An around the world plane trip was $3600 with Qantas. I booked this through an excellent travel agent who I have been using for many years and find the convenience invaluable, especially when I need last minute changes. I did briefly shop around and speak to a Jetset agent who was very keen, but the price came out about the same. I spent another $1000 in domestic flights and trains (that I booked myself) and the rest of the expense was local public transport. Given I visited twelve different cities on short notice—often trips were booked only a few days before I took them—I feel this is reasonable.

I was not able to spend any of my frequent flyer miles on this trip, and my grand plan of using them to fly business class back from London to Melbourne backfired when an earlier flight was cancelled causing mine to be overbooked and all upgrades cancelled. We were delayed in Singapore overnight, and fed and put in a hotel, which actually made it quite a pleasant trip home. Two long haul flights back to back is a bit much for me. As a side note, the new airbus A380 planes are really nice, and the entertainment system has every Oscar winning movie for the last thirty years, which did wonders for my neglected film education.


Uhm, yeah. These are on my credit card statement but I have not matched them up to a receipt yet. Somewhat concerning eh.


My venue expenses varied wildly, from a free registration given to the company hosting, to $800 for a specialized training venue. Teaming up with a local company was in general a far better option. Not only was it cheaper, but the local endorsement helped registrations, and the facilities were usually better as well. Training venues are generally a bit sterile (with the notable exception of The Royal College Of Physcians in Edinburgh, which was incredible). I lost about $300 in cancellation fees from booking venues too early in Seattle and London.


My maximum class size is twelve, but on average I had six attendees. The best attended sessions were those with a major local sponsor who had good marketing lists, such as Engine Yard in San Francisco, Databasically in Kansas City, or Jumpstart Lab in Washington DC. This trip really made me appreciate the value the network of a good promoter brings. Were I to do another tour, I would definitely spend more time and money engaging people in this role. I also ran two classes for companies, one privately in San Francisco and an open one in Gothenburg at eLabs, which both really helped the bottom line. Targeting companies rather than individuals is something I will be looking into more in the future. It is harder, but the payoff is six registrations rather than one.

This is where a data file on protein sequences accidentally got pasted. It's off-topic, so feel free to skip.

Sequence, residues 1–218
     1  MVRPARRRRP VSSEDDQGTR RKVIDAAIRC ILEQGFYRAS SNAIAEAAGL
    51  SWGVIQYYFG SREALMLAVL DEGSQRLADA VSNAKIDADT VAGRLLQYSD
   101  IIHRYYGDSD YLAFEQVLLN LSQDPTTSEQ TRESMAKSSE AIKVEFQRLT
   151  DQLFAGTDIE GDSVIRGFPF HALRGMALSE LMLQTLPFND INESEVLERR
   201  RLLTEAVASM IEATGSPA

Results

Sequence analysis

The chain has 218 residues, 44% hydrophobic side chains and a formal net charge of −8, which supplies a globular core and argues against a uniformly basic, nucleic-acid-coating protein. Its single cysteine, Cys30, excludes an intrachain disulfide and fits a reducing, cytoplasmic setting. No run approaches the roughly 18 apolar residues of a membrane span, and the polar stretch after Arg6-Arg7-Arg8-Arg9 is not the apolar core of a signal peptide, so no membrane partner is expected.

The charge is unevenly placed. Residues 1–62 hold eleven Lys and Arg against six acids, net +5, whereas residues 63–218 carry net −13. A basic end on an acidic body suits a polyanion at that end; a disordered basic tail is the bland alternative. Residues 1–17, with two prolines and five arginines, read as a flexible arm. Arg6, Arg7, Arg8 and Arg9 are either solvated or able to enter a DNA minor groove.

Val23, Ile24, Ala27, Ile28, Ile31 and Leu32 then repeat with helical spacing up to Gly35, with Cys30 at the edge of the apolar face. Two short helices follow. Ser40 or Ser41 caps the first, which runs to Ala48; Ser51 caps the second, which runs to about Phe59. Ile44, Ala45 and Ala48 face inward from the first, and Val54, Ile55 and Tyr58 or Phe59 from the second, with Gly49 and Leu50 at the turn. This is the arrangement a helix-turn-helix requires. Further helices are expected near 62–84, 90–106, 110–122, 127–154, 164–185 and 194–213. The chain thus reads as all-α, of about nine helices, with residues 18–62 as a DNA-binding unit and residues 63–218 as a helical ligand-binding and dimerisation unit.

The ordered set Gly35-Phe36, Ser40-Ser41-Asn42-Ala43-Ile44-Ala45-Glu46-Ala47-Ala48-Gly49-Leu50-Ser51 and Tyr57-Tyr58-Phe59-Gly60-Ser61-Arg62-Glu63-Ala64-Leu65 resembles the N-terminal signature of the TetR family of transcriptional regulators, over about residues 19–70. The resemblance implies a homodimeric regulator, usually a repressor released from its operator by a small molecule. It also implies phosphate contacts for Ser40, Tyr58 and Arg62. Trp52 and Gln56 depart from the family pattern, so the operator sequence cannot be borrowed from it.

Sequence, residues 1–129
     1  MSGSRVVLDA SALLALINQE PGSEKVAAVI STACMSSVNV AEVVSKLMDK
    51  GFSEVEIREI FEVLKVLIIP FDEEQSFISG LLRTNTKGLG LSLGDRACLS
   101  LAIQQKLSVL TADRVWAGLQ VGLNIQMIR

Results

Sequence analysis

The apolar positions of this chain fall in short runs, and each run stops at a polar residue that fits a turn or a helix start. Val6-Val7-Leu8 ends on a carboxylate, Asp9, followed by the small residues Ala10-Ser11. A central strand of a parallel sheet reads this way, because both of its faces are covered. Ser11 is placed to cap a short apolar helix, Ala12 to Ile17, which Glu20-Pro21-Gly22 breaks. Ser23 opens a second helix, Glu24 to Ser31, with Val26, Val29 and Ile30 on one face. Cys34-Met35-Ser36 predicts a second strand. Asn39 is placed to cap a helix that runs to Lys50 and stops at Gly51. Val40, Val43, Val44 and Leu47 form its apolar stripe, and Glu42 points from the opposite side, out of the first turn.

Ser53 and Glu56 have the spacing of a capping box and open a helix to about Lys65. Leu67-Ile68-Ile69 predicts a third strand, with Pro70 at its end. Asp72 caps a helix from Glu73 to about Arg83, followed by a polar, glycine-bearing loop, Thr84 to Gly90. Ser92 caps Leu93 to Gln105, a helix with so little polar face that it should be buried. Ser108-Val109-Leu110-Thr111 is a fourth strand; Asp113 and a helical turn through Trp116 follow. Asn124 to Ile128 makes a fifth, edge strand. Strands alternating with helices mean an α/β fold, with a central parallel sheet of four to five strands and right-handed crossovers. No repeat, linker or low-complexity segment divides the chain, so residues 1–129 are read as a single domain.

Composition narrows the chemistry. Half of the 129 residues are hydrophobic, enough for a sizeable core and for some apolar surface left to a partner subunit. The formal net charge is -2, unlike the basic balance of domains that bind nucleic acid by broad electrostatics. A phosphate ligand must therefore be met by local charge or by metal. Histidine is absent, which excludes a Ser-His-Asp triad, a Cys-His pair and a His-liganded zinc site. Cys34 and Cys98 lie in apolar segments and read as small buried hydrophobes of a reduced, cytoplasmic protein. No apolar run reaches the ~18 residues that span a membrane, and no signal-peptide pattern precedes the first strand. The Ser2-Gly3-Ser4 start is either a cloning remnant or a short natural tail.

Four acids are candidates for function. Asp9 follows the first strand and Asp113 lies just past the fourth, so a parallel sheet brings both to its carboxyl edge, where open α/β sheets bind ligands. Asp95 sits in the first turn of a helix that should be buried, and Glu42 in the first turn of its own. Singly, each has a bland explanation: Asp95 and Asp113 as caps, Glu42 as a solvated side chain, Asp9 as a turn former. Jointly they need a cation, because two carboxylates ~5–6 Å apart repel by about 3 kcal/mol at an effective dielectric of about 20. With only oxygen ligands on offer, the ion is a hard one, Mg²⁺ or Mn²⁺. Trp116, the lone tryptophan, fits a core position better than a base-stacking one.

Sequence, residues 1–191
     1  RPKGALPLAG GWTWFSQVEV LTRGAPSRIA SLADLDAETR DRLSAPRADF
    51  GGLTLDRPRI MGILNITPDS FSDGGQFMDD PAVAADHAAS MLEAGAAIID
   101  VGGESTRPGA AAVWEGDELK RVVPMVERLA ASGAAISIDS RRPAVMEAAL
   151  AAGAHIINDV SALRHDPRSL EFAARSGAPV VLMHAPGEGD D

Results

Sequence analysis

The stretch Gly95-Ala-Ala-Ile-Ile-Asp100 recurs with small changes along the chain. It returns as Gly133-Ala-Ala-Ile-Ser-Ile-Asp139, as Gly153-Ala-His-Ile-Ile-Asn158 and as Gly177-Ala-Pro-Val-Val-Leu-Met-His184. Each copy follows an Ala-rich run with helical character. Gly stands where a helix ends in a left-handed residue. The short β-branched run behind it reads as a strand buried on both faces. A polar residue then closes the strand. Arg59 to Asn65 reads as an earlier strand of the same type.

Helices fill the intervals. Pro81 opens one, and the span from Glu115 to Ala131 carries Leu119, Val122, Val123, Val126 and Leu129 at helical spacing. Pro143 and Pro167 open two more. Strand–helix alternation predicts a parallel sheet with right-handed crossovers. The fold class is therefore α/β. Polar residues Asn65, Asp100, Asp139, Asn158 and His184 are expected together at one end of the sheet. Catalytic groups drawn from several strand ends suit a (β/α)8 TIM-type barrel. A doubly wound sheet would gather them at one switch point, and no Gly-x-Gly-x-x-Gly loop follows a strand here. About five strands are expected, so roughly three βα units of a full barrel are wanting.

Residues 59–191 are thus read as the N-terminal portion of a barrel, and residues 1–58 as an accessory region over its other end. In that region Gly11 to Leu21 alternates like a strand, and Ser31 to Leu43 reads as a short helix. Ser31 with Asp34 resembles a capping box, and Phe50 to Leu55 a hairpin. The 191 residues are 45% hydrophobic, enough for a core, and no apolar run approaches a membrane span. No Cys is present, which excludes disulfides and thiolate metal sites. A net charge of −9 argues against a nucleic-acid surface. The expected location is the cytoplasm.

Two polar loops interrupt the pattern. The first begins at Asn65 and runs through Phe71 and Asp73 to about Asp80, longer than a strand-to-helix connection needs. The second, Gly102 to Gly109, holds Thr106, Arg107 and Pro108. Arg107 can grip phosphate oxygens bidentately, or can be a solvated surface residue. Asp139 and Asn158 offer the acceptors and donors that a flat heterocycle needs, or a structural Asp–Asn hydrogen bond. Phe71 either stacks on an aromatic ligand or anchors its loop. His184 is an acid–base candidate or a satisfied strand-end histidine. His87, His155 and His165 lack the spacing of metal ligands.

I needed about six expressions of interests, some bordering on confirmed registration, to have a good chance of success. I revised my initial minimum class size down from six to four, but even then still ended up running a very rewarding class for just one, cancelled down from three at the last moment. I had to cancel Portland and one of the two sessions each in Seattle and London due to lack of interest converting into registrations. I was trying to organise a course in Barcelona, but with only three people explicitly interested and no company to host I had to abandon it.

Registrations before I left were much lower than I was hoping, which I found unnerving. I offered a 15% early bird discount in an attempt to coax out registrations, but this was largely ineffective. The price for the course was comparably cheap anyway, perhaps this altered the perception of quality?

In talking to people about the tour, they assume I have some sort of cancellation policy, especially since I am outlaying coin upfront to book venues and flights. Not so. I offer a no questions asked full refund which after almost one hundred registrations (I had run the course locally before this trip) has never been taken up, even in the case of a late cancellation where I explicitly offered it. When your material is good, and it should be good, you do not need to worry about a refund or cancellation policy.


Before the tour this course was really well attended in Australia, and I dramatically overestimated how much my local influence would survive the transition to the northern hemisphere. In Australia I regularly speak at meetups and am quite involved in the scene, so people know who I am, how I present, and what I do. As a result, I sold out my Melbourne and Sydney courses with the barest excuse for a sales page and a post to the mailing list. I should not have been surprised, but this did not happen internationally.

I started writing, publishing twelve posts with three screencasts on my own blog, plus guest posts on Rails Inside, Engine Yard and Eden Development. All of these saw decent traffic—the biggest referer being Ruby Flow—and helped establish myself as an expert on the topic. More than anything else, the screencasts convinced a number of people to sign up (based on informal feedback). In hindsight, I should have established myself as an expert internationally before I announced my training.